Now under home rule, Basalt ponders how to select mayor
July 5, 2002
An interesting but obscure debate has taken shape in Basalt on whether the town should continue to elect its mayor by popular vote or let its council pick a leader.
The issue is one of hundreds being pondered by the Home Rule Charter Commission, a nine-member group of citizens and elected officials. The commission was elected in May to draft a proposal on Basalt government’s makeup and powers.
The town is currently a statutory government whose powers are defined by the state. Proponents of the home-rule style of government say it grants more local control and greater flexibility in dealing with issues.
The commission is sort of like the framers of the U.S. Constitution. They propose how the government functions, then voters will decide in November whether to ratify or reject the proposal.
Much of the commission’s work is tame and even dull – such as deciding when and where the Town Council will meet. But two issues have been placed on the back burner because of the potential for controversy.
Those issues are how to select the mayor and whether term limits should be retained.
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There is precedent in the Roaring Fork Valley for different methods of selecting the mayor by home-rule municipalities. Aspen lets citizens select its mayor; Glenwood Springs allows its council to make the choice. Every two years, the Glenwood council votes on which of its seven members will serve as mayor.
In Basalt, Home Rule Charter Commission member Peter Frey raised the prospect of letting the council make the choice for mayor. He said Basalt sometimes attracts multiple quality candidates for the post, such as in the latest election in 2000 when three veterans of Basalt government competed.
Just one candidate takes office while “the losers just go away,” he said.
Meanwhile, the Town Council elections have a history of not attracting enough candidates to spark competition. The April election was canceled this year because only three unopposed candidates sought three seats. They took office with no discussion of issues.
Frey said he would like to see a system that retains candidates, even if they fail to be elected mayor.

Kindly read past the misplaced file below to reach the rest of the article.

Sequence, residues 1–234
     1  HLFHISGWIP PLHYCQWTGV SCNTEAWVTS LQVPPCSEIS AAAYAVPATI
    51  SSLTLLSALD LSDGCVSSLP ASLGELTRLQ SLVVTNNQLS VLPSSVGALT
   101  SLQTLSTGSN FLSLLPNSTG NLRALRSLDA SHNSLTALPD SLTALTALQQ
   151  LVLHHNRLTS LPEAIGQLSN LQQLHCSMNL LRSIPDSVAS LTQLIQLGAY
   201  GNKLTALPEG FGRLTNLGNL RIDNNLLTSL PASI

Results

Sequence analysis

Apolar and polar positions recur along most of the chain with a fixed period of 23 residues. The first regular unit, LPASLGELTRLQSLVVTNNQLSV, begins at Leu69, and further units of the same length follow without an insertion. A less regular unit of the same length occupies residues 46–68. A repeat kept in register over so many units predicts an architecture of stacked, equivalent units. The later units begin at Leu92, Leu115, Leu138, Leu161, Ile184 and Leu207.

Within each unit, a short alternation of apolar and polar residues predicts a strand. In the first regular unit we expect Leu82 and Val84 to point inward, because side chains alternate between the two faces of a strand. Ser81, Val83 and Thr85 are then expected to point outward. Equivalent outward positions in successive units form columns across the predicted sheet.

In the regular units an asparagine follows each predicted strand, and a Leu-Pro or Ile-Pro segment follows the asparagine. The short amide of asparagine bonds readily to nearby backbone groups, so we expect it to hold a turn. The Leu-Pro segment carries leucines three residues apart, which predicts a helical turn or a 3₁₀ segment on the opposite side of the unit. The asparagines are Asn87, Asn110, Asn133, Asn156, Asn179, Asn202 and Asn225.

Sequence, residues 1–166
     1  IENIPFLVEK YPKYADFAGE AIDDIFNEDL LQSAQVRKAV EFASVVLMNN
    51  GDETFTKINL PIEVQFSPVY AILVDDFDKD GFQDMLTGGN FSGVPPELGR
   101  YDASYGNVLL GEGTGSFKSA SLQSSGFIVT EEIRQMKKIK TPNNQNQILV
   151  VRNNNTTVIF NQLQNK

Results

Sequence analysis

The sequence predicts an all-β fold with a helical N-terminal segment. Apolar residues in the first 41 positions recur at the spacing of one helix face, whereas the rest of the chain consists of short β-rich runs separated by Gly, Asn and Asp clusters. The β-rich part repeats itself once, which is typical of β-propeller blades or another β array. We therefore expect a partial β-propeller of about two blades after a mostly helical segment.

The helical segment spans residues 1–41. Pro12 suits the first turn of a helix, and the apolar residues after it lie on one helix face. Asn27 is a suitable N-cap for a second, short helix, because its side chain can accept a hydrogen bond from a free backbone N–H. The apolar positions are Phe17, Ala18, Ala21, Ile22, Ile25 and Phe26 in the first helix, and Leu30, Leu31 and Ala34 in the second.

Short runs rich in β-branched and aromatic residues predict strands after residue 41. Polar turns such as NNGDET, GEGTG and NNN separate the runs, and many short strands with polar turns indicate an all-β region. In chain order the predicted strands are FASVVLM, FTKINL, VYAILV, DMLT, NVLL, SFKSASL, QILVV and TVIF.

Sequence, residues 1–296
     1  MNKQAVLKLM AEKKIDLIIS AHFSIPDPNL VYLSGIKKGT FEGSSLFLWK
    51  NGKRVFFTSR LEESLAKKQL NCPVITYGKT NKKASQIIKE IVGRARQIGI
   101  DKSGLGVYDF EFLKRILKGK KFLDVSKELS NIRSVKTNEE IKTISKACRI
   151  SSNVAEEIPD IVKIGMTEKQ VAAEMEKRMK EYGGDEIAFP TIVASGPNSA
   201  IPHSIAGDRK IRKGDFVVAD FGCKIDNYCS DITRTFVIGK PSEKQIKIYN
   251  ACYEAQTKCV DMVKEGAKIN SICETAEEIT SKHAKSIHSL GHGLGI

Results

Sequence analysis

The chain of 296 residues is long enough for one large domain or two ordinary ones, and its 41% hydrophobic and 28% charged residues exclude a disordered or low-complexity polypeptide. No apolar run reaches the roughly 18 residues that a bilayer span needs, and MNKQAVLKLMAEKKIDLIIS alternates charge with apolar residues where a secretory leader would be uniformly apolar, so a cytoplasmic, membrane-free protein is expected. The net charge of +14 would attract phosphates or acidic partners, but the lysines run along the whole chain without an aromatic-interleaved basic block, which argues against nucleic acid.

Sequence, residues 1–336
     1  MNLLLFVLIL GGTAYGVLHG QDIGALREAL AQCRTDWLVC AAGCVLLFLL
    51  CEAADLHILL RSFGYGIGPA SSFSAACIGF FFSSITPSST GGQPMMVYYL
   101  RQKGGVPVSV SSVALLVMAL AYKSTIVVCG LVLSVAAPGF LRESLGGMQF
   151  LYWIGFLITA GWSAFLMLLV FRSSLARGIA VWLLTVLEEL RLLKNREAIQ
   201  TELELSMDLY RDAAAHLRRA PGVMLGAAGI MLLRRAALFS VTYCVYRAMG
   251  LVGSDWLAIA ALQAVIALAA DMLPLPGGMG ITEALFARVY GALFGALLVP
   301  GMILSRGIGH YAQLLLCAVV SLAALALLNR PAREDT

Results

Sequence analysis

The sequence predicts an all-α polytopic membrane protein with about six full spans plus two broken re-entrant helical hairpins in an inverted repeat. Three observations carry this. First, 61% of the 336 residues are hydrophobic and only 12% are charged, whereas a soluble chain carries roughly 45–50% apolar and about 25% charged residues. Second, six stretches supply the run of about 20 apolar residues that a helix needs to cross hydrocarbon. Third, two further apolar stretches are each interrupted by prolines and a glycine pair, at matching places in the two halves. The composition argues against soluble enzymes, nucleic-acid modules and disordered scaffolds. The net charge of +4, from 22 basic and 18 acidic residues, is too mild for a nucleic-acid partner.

Other proponents of the council’s selection of a mayor claim the council members know best who among their ranks is most qualified to run the meetings and serve as the board’s leader.
But there is strong sentiment among the charter commission for keeping the mayoral selection in the hands of the populace.
Councilman and commission member Leroy Duroux said last week he talked to 20 to 25 people about selecting the mayor and found most of them oppose letting the council select its leader.
“Five said that would make them campaign against the charter regardless of what it says otherwise,” Duroux said.
Like Duroux, Councilwoman and commission member Tiffany Gildred said she found that many people wanted to retain the ability to select the mayor. The mayor may be a figurehead, but voters want to select their figurehead, she said.
Commission member Laurie Dows said the preference was a 50-50 split among the people she informally polled.
Gildred said she is convinced the commission should avoid changing the way Basalt is governed and simply expand powers in the charter. She is opposed to an overhaul.
“Every change we make provides a reason to vote against home rule,” Gildred said.
Frey countered that Gildred may be assuming that Basalt residents are happy with the existing rules and powers of government. He said he wasn’t sure that was the case.
In addition, the town’s voters elected the commission to look at the whole issue of governing, Frey said.
Nevertheless, he predicted the mayor-selection issue will be decided without controversy. He said public opinion seems to be on the side of continuing popular election.
“I don’t think that the voters will have any ugly surprises,” he said.
Councilwoman and commission member Anne Freedman said also felt voters may welcome alterations of existing rules of governing.
“There are some cases where things aren’t really broken but we can improve them,” she said.
The commission is also deferring a decision on term limits. State law currently limits Basalt’s elected officials to serving two terms of four years each. A partial term of two-or-less years, such as when an appointment is made to fill a vacancy, doesn’t count toward the term limit.
Basalt Mayor Rick Stevens isn’t part of the charter commission, but he said when quizzed that he would like to see mayoral selection stay in the hands of voters. He also supports term limits.
“It’s good to change around after a while,” he said.
The Home Rule Charter Commission expects to unveil its proposal to the public for official comment later this summer – probably in August or early September. Meanwhile, it is pecking away on issues nearly every Wednesday at 7 p.m. in Basalt Town Hall. The meetings are open to the public.
[Scott Condon’s e-mail address is email@example.com.]